Until last year, the North Carolina legislature did not spend a lot of time worrying about its reputation. It had never gone through a scandal on the order of South Carolina's 1989 "Operation Lost Trust" vote-buying affair, which led to indictments against one-tenth of the legislature, or of the "Tennessee Waltz" scandal of 2005, which led to the arrest of seven state legislators on federal bribery and extortion charges. "We've been lucky to have clean government for most of North Carolina's history," says Tom Ross, president of the Z. Smith Reynolds Foundation in Winston-Salem.

Indeed, when a bipartisan citizens' commission named by the secretary of state proposed in 2004 that the legislature close a gaping set of loopholes in its lobby laws, its ideas went nowhere. "I don't think there was enough interest, and certainly there was no pressure to do anything," says Bob Phillips, who heads Common Cause North Carolina.

That all changed in late 2005, when a series of newspaper stories began detailing a raft of unsavory doings by aides and associates of House Speaker Jim Black, and the federal and state investigations into them. Black had held the post for four terms, riding herd over a slim Democratic majority, earning respect as a consensus-builder and loyalty for his prodigious fundraising efforts on behalf of colleagues.

The catalog of misdeeds, however, was a long one. The woman who ran the House page program had arranged to have teenage pages stay with her son, a felon with a history of drug and alcohol problems; when that became public, Black made her House historian, but after $80,000 in payment, she produced only a 23-page report filled with mistakes and grammatical errors. Last year, a Republican-turned-Democratic legislator named Michael Decker pled guilty to taking $50,000 from an unnamed Democrat to switch parties in 2003, thus putting him in position to cast the deciding vote that kept Black in power as co- speaker after the Republicans had appeared to take the majority. Black's former political director pled guilty to failing to register as a lobbyist on behalf of a company seeking the contract to run the new state lottery--which Black had played a key role in creating. Similarly, one of Black's first appointees to the lottery commission was forced off after it was revealed he, too, had failed to report financial ties to the same lottery vendor.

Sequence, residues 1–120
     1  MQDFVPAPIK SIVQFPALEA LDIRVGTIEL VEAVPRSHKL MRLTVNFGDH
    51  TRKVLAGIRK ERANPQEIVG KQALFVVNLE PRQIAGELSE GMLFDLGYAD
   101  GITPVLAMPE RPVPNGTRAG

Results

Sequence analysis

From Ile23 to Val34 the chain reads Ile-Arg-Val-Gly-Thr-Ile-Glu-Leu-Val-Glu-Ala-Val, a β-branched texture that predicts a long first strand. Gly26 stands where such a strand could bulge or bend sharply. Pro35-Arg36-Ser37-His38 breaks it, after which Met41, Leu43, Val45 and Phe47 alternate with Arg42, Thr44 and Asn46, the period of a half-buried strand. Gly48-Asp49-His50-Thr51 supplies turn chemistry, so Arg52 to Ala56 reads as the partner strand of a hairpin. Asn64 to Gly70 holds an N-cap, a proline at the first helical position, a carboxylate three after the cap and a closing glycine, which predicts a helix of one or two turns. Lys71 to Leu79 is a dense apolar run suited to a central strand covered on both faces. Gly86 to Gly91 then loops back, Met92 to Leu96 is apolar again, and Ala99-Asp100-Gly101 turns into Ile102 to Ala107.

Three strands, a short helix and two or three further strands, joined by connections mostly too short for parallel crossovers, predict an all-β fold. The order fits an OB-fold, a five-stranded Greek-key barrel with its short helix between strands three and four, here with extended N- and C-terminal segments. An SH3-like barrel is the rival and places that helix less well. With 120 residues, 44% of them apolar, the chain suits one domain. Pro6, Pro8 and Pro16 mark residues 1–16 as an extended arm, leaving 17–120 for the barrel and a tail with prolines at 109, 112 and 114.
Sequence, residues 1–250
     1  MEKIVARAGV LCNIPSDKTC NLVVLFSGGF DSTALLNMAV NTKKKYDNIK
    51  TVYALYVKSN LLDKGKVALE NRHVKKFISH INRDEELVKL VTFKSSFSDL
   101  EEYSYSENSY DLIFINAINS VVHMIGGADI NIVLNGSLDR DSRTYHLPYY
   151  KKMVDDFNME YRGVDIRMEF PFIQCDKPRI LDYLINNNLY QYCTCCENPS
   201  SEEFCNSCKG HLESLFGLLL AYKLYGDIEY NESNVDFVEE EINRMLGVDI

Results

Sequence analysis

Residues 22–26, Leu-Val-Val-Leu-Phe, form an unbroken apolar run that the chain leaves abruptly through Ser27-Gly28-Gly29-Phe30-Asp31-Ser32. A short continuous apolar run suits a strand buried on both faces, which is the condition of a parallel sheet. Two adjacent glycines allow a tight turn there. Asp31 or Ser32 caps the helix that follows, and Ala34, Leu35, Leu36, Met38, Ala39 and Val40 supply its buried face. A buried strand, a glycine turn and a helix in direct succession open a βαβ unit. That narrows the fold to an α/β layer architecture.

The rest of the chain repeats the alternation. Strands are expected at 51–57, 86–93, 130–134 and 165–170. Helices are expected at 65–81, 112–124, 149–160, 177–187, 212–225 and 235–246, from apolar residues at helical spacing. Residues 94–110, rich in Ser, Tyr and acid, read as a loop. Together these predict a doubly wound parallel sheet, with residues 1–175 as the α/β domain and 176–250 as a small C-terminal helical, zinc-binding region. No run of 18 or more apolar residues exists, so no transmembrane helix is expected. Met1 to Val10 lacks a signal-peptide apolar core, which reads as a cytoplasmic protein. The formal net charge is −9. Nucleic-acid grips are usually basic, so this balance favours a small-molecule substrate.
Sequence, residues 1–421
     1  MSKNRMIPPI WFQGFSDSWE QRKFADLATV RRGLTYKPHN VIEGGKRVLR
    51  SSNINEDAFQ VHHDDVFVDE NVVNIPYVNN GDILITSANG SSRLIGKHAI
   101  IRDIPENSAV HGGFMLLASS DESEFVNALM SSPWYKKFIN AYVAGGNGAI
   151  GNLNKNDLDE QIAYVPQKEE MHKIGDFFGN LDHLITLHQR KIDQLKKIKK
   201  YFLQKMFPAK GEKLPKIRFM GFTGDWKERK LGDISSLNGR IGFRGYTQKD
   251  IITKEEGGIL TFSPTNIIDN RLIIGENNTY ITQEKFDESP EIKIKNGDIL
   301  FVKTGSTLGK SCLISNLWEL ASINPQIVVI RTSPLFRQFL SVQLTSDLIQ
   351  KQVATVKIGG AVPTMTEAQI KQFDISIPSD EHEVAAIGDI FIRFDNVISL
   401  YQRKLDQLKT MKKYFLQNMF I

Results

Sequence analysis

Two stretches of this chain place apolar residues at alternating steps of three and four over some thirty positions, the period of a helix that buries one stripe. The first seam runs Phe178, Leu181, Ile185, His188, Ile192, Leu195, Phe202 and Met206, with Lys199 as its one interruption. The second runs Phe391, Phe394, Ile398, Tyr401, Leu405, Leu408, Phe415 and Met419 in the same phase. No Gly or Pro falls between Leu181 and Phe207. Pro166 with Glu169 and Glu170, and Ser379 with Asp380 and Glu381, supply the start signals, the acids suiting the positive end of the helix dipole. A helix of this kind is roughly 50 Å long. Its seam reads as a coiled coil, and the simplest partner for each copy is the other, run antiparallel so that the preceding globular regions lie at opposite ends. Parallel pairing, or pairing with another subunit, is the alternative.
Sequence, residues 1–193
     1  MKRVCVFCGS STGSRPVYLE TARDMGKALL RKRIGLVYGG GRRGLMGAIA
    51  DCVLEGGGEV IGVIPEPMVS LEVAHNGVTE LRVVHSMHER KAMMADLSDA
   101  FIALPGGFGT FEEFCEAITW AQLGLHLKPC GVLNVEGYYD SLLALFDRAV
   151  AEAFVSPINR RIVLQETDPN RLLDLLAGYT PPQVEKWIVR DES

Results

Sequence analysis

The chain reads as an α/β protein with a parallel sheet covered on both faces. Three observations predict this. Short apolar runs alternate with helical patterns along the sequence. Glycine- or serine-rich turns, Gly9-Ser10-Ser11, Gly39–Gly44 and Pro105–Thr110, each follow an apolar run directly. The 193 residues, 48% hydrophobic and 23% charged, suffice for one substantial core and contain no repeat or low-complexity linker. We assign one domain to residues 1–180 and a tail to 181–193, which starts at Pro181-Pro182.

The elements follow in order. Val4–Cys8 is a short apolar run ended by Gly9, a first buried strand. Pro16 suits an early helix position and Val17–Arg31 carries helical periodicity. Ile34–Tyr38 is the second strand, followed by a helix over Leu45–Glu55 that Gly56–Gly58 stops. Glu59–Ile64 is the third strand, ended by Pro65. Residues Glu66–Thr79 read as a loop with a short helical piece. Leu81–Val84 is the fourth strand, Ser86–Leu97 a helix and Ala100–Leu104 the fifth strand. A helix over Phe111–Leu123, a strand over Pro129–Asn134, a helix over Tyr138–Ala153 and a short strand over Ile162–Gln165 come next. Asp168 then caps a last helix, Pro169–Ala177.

Black himself remained only circumstantially touched by the scandals- -until two months ago, when he stunned Raleigh by pleading guilty to accepting $29,000 from three chiropractors in exchange for pushing legislation they wanted. He followed that up a few days later by accepting a plea agreement to state charges that the party-switching bribe to Decker had come from him.

By then, though, events at the capitol had passed him by. Well before his court pleas, Black had stepped down as speaker and had unwittingly served as the catalyst for a sweeping ethics reform package. The 2006 legislation, shepherded through the House by Joe Hackney, who was then majority leader and this year became speaker, tightened the state's lobby disclosure laws, enacted a gift ban, made it harder for lobbyists to bundle campaign contributions and strengthened the state's ethics commission. "The scandals," says Tom Ross, "gave light to other kinds of issues and concerns people had. No one saw it as just a problem that the speaker had that had to be fixed. It was seen as a more systemic problem--a recognition that we just weren't as open and transparent as we should be, that there was a lot happening that wasn't disclosed."


North Carolina isn't alone in that realization. Capitol hallways from New York to Alaska are awash in virtuous intentions this year, which is hardly surprising in the wake of voters' focus on legislative integrity in last November's elections. While their ire might have been aimed first at a tarnished Congress, state legislative leaders paid attention. "This has been cutting a broad swath," says Peggy Kerns, director of the Center for Ethics in Government at the National Conference of State Legislatures. "Even if states have had no scandals, they're interested in making sure their general assembly and legislators are ethical, and that there's an ethical environment there."